I don’t know much about ancient Aramaic, the language that Jesus spoke while He was on this earth, but judging by its translation into English, Jesus talked in a fairly straightforward manner, frequently conveying simple yet complex ideas by telling stories. Proper and improper group dynamics, something so vital in contemporary churches, meant little to a Savior who interacted with people one on one, looking deep into their souls and beyond externals like tattoos, rough language, or whether or not their bra strap was showing.
It really didn’t matter to Jesus that he sounded erudite and smooth; He wasn’t concerned that followers would drop away if He didn’t use PowerPoint; He never wore a three-piece suit — and yes, I know that they didn’t exist then.
What did matter to Him was a strong, central, unwavering message: “God loves you. So much that you can’t possibly comprehend the magnitude of that love. Accept that love. It’s real.”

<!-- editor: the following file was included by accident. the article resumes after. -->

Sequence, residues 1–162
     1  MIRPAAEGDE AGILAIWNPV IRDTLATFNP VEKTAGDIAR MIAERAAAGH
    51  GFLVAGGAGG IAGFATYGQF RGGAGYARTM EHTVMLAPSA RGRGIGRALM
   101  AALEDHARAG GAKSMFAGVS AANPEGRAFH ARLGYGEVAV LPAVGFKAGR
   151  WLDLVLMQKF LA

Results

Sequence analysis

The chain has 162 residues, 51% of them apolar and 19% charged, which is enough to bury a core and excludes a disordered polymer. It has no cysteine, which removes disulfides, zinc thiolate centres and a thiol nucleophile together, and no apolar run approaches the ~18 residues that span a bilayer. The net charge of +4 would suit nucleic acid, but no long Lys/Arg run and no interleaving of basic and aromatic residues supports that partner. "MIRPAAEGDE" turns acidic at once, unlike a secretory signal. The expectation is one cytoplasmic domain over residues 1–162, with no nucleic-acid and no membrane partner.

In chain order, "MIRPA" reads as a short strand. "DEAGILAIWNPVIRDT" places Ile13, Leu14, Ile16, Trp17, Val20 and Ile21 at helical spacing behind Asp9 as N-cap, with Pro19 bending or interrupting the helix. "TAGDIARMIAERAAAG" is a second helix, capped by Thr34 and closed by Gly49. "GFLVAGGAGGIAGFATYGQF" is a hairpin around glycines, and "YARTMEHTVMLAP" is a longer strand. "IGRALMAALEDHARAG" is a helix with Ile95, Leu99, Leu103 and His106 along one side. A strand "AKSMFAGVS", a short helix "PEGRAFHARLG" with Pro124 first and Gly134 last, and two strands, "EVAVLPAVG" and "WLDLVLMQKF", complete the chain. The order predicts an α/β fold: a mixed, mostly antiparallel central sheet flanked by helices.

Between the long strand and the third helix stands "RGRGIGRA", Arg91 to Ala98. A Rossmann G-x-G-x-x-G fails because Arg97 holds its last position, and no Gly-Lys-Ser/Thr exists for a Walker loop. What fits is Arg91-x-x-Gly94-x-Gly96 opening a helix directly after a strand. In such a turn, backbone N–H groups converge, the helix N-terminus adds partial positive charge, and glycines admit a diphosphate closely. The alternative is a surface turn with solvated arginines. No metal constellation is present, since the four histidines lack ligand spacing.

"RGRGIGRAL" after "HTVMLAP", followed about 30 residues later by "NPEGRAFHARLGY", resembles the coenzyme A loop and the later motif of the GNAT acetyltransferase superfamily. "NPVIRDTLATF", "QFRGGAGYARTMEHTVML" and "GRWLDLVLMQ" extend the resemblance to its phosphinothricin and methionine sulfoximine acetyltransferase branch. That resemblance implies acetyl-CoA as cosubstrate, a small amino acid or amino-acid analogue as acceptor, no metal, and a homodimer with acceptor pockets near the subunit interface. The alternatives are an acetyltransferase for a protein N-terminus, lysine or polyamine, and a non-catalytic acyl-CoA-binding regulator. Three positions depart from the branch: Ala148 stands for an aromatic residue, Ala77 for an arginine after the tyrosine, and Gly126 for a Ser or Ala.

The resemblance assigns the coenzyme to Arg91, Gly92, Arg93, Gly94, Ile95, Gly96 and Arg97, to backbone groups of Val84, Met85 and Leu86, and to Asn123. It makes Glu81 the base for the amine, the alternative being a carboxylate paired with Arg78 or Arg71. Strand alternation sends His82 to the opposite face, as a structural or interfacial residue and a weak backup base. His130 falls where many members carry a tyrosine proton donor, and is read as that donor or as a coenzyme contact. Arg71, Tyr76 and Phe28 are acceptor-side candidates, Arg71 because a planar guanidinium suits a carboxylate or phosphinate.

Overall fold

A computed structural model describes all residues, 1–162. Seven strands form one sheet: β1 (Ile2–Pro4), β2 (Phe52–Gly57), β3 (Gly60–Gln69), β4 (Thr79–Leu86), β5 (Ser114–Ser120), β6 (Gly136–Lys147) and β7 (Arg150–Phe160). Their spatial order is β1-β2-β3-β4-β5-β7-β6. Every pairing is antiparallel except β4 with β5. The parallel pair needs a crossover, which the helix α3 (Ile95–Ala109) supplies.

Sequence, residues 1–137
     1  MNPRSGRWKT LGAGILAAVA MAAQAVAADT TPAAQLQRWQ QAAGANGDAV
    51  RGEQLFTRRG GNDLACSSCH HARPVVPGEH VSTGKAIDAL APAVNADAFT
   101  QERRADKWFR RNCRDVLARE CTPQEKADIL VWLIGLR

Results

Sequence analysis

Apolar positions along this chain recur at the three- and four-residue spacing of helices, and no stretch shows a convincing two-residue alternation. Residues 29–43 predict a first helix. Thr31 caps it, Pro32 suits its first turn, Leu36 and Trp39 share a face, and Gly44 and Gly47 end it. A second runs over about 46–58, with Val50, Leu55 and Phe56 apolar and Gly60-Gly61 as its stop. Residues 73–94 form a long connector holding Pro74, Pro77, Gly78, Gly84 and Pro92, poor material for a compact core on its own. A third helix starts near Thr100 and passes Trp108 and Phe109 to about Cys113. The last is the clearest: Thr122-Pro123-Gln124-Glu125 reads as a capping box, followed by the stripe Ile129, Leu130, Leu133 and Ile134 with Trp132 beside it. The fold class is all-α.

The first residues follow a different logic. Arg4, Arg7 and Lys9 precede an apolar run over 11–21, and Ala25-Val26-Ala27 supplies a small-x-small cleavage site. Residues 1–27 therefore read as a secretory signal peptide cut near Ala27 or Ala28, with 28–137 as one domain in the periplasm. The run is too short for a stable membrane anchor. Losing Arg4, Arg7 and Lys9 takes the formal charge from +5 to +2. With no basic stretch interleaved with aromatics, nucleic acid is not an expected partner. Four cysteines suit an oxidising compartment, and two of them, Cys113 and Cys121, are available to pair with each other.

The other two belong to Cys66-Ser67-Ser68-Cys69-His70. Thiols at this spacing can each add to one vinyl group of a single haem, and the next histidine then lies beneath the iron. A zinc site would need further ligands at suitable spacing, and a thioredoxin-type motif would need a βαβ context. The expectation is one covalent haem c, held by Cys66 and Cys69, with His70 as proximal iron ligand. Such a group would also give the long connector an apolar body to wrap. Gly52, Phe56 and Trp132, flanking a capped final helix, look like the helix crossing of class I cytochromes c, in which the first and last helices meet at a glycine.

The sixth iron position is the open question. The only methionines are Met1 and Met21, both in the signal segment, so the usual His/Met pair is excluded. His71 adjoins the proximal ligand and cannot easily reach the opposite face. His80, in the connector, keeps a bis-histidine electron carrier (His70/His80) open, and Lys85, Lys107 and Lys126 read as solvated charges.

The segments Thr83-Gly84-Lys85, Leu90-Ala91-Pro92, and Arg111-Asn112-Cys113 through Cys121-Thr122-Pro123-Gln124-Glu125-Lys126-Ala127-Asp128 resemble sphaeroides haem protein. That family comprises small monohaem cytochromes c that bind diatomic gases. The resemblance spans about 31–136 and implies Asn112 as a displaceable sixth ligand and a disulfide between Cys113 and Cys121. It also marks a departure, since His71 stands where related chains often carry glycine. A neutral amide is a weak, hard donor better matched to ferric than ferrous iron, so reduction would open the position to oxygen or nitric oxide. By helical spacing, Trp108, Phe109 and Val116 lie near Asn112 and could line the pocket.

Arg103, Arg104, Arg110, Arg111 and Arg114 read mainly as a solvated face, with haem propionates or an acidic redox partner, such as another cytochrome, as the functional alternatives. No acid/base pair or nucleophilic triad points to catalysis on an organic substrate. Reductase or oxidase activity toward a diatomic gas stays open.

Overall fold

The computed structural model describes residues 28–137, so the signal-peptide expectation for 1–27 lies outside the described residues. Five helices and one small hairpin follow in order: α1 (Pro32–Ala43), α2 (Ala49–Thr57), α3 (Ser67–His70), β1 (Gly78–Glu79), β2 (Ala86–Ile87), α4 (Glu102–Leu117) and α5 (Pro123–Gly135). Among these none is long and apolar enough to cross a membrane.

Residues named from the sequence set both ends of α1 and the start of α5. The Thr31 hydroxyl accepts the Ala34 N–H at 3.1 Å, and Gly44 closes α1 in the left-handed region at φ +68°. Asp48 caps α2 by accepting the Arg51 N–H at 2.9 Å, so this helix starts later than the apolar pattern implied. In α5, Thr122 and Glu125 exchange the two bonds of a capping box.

Now, how are we, as Christ’s followers, going to convey that message to the people around us? While words matter, actions matter more, and the first step is to bask in, believe, and soak up Christ’s love into our own souls, so that we can pass it on to others by being loving ourselves.
The second is to be real — not authentic, not intentional, not incomprehensible by relying upon weak, corporate-based vocabulary to essentially say nothing.
But real. Ourselves. Using language that fits who and what we are, not copying pseudo-speak that gives the illusion of intelligence and perspicacity.